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Mary Magdalene

Landscapes and coastlines reminiscent of southern Australia give this film a grounded feel that exceeds most other depictions of biblical stories. Even the perspective lent to this story by looking at it through the eyes of Mary of Magdala puts me in mind of the strong and courageous women of the Australia Henry Lawson depicted.

In this harsh environment, Mary’s voice emerges subtly and beautifully over the course of the film. Rooney Mara depicts her with a graceful sensibility that builds in courage and awareness as the story progresses.

The male disciples appear as little more than a contentious rabble, much like the church they founded. They tend to follow Jesus about, rather than travelling with him, which is a different way of depicting them than I’ve seen in the past. They argue with each other, ignoring him largely, and it is Mary who points out after Jesus’ resurrection that in their fervour they’d forgotten to listen to the man they — rather pretentiously — called teacher.

This film, though, is more than merely a feminist reading of the gospel. Jesus certainly isn’t depicted here as a feminist, and nor is he depicted as omniscient. Instead, the messiah is shown as a man who was accessible and responsive to others; one aware of the people around him and open to a greater understanding of their experiences. This, really, should be central to the Christian faith: while denominations of the church continue to argue amongst themselves about petty nonsense like whether to worship on Saturday or Sunday or whether vegetarian Catholics should take communion or whether queer people should be treated like human beings, this film depicts a Christ with ears as well as a mouth. It shows him as a man listening: in all my years listening to a myriad of teachings about Jesus, I’ve never once heard a sermon about the example he set as a listener. And yet the gospels, both canonical and apocryphal, frequently depict him listening.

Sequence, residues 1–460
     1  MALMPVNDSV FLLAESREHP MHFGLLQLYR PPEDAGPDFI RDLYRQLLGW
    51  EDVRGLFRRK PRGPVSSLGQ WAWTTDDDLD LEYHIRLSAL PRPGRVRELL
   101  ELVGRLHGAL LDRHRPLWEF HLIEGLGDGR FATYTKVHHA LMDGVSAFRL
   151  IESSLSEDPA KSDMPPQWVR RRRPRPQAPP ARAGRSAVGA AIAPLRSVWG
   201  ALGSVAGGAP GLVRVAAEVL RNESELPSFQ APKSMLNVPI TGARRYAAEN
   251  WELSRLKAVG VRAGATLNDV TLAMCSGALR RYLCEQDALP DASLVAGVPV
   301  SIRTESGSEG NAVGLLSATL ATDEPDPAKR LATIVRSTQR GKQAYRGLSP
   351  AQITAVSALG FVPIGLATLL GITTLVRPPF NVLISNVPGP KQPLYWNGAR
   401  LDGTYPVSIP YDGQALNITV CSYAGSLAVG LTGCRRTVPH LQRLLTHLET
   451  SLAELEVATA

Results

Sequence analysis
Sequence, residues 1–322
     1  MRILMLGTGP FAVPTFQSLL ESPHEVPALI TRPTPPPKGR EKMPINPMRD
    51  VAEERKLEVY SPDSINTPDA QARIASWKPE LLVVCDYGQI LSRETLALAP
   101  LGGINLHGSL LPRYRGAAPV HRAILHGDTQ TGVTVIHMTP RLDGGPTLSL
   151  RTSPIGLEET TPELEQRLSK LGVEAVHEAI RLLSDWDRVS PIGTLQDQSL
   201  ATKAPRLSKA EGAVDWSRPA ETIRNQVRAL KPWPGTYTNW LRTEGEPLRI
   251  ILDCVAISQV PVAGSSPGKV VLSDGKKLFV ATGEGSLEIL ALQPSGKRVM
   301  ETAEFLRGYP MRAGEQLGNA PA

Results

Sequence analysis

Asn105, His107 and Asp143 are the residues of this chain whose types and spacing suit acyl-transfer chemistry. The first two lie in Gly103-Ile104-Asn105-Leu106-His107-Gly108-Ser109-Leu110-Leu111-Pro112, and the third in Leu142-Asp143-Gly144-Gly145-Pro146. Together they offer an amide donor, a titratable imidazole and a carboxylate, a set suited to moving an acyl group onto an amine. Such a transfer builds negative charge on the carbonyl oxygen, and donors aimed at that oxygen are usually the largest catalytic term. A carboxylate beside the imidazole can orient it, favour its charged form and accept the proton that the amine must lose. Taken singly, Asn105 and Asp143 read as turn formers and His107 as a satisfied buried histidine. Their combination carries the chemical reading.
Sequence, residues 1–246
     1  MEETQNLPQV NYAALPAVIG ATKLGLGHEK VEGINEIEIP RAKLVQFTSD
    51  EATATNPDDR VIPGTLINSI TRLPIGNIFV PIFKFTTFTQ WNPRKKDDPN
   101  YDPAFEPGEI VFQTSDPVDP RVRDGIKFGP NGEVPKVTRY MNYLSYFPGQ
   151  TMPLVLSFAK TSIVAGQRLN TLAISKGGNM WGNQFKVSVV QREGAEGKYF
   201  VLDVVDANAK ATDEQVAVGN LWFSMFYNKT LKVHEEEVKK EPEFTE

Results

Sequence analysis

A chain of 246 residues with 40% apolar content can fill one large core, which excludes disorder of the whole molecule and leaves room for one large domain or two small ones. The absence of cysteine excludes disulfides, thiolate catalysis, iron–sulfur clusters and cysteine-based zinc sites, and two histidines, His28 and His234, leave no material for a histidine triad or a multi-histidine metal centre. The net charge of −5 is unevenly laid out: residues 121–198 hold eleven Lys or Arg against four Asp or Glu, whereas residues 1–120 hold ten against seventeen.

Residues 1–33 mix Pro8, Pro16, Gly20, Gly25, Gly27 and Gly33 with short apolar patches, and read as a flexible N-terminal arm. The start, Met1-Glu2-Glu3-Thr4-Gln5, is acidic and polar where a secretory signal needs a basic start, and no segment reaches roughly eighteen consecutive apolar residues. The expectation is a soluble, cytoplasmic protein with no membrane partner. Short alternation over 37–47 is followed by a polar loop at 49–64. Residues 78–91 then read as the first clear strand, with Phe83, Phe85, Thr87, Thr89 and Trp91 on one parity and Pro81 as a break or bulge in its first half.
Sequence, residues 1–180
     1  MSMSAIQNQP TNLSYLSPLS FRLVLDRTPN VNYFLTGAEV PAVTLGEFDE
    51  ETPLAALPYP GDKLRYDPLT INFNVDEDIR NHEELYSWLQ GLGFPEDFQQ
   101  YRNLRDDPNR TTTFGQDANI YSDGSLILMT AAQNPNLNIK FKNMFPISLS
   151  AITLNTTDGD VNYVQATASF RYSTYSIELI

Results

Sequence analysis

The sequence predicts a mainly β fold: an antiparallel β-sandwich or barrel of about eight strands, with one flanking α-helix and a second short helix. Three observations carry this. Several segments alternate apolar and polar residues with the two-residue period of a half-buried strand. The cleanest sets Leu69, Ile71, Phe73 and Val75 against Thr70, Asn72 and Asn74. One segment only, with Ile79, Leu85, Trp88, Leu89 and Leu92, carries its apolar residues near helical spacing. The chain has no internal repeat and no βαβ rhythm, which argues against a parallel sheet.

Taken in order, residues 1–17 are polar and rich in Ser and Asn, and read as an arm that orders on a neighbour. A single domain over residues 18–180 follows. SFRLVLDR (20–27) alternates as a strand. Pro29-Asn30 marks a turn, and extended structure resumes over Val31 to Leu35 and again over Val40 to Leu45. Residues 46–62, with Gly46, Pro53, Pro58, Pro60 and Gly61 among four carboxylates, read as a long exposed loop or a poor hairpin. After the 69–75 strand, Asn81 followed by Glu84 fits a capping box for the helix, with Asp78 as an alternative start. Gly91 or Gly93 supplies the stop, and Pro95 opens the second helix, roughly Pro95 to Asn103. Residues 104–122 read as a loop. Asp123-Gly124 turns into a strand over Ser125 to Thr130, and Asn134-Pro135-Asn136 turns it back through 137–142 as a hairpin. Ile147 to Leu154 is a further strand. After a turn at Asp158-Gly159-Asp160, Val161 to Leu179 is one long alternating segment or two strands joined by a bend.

I feel that this film depicts the events of the gospel — canonical, apocryphal and fictional — in a wholly engaging and enlightened manner. And most importantly, it does so from the perspective of one of the most important participants in the events themselves. Truly enlightening and exciting.

 
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Posted by on Sunday, 18 March 2018 in British Film, Film, Porchlight, See Saw Films

 

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